Suspension wire I replaced in the ceiling grid over the weekend with specified 12 gauge - that wire is major thick and hard to bend, but it's done now. I spoke with the inspector about the flat panel lights and he said actually they can be clipped to the grid or tied up at corners. He said I could use the 18 gauge wire I have on hand to do the tie ups. I've already done 5 of the 16 but wanted to check in case the type of tie-ups mattered. He told me over the phone if I did the 12 gauge wire and would take care of the caulking and tie-ups, he would go ahead and mark the permit final as passed. So that's a year finishing now passed to code.
So once the baseboard is in and some ceiling tiles replaced, I can start working on bench-work, probably mid-Nov. We got a lot of the ceiling materials including the tiles second hand and some of them are bowed and look crappy, so I'm going to buy a box of new ones to replace the bad ones - would be good to get that done before too much bench-work makes it hard to get at the ceiling.
Last Edit: Nov 4, 2019 7:12:17 GMT -8 by riogrande
Post by slowfreight on Nov 12, 2019 6:57:10 GMT -8
You will be SOOO glad you did all this before you started the layout! It's completely worth having a pleasant train room with finished walls, floors, and ceiling. No concrete dust...good lighting...solid walls to tie in your benchwork.
I added my backdrops over the walls before I installed the benchwork in some places, and added it afterward in others. Kinda depends on how deep the layout is, but I would say that 2' tall tempered hardboard backdrops are worth the effort.
Today I put up two 8 foot sections for a total of 16 feet. I'm re-using two 2x8' sections from the old layout and will be adding on. I"ve lowered the elevetion to 39" above the floor and the yard above it will be 51 inches. That will give 12 inches from the staging deck to the upper deck with 11 inches clearance above the staging deck.
Here is where those two old benchwork sections drop into the scale drawing:
Added another section on Monday:
Last Edit: Dec 10, 2019 6:37:57 GMT -8 by riogrande
Post by slowfreight on Dec 11, 2019 7:39:21 GMT -8
I just saw your question...sorry for the slow response. First, I've been revising my construction methods as I go. Normally, I'd give lots of photos, but I'm held hostage to photobucket's new charges and can't get motivated to pay the $5/month.
I find it easier to install the upper deck first, and then mount the backdrop above it. My backdrop is 1/8" tempered hardboard (masonite). I run the 4x8 through the table saw to rip it into 24" tall sheets. Depending on height, 18-24" is plenty adequate. I screw it directly to the wall. Joints and screws are best filled/sanded with DAP's Alex spackle that contains a hefty dose of vinyl. Regular joint compound cracked at the seams, and cracked again when patched with the DAP. I also found on hardboard that I have to use fiberglass mesh instead of paper joint tape.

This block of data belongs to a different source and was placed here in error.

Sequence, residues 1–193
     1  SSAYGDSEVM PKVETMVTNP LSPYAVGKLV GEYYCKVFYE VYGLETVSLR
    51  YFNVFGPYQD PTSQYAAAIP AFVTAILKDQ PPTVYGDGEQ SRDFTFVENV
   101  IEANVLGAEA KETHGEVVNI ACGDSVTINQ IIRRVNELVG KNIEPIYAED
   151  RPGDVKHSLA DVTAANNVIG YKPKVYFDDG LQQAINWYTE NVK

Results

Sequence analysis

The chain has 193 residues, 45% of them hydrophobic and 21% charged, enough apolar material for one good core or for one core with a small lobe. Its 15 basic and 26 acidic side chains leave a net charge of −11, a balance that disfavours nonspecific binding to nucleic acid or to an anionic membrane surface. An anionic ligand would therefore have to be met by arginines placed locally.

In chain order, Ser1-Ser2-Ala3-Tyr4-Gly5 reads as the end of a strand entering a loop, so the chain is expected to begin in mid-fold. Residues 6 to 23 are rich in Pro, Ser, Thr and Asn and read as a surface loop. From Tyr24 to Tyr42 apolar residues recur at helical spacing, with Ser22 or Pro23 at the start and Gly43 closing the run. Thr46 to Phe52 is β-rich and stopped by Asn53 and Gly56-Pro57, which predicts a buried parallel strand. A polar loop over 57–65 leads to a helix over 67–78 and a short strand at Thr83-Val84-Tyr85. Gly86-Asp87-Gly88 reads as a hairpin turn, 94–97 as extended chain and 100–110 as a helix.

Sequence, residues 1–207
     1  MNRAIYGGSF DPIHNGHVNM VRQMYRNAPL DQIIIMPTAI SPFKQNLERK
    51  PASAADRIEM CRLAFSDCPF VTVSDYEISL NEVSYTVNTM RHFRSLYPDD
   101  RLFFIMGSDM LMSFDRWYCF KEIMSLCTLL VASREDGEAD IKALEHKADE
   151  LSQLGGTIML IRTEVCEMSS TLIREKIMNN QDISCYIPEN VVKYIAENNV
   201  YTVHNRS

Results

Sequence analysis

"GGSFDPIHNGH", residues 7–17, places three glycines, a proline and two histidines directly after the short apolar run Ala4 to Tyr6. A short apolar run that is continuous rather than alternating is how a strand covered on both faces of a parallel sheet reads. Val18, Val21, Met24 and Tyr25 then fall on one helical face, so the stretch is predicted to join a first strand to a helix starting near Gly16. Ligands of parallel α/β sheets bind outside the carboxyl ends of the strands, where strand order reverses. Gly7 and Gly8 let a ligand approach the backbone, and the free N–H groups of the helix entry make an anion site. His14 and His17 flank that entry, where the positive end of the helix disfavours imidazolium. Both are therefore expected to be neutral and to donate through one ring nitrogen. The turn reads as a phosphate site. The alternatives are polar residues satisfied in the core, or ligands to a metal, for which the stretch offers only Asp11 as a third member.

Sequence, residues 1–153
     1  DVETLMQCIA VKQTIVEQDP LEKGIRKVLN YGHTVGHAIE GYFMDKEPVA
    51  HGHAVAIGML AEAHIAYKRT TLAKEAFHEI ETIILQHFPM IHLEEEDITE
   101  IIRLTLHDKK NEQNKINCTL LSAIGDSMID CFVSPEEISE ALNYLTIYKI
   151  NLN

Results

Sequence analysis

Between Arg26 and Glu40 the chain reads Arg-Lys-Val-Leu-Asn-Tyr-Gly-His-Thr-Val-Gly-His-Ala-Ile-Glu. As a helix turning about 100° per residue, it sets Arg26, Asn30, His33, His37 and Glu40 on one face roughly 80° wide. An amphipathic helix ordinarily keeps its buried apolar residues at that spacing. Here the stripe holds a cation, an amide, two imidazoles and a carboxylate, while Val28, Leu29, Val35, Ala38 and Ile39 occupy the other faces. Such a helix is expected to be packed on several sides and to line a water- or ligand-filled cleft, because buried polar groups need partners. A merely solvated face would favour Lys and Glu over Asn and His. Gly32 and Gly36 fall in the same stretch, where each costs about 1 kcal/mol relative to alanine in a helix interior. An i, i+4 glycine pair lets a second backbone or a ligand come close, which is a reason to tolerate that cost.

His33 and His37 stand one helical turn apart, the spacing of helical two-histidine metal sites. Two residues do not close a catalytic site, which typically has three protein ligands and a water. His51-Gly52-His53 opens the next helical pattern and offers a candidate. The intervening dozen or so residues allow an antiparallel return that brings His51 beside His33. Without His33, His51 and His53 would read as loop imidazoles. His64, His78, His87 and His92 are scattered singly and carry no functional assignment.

I have a coil of aluminum roofing flashing, painted white on one side, that I use to form the curved corners. I cut it with tin snips, and by experiment found the best way to install is as follows:
1) Cut to shape so that it curves nicely along the benchwork 2) Glue to the *front* of the hardboard backdrop with construction adhesive 3) Fill/sand the joints with DAP flexible patching compound.
The thinnest, most invisible joint came from gluing the curved flashing to the front of the hardboard. It was also the fastest to fill/sand. And I'm all about fast.
My lower deck goes in afterward, and I add a hardboard/aluminum backdrop after I install it.
BTW, when you build your upper deck, I've had great luck after a year of season changes with my 3/4" thick upper deck. It's a sandwich of 5mm underlayment from Home Depot (don't use the Lowe's underlayment), with 1/2" pink insulation on top. It sits on standard shelf brackets. If I want the upper deck to be shallower than the lower, fine. If I want the lower to be shallower, I bring the lower deck backdrop forward so that it sticks out as far as the upper deck everywhere. The lower deck is still 1.5" foam on 5mm plywood underlayment (saves $10/sheet over 2" foam).
Why thin? I wanted to use ramps, not helices, so I made the deck as thin as possible, and by going shallow can have as little vertical separation as possible without losing visibility or access. I have about 7" between decks and it's really made multi-level layouts possible for me.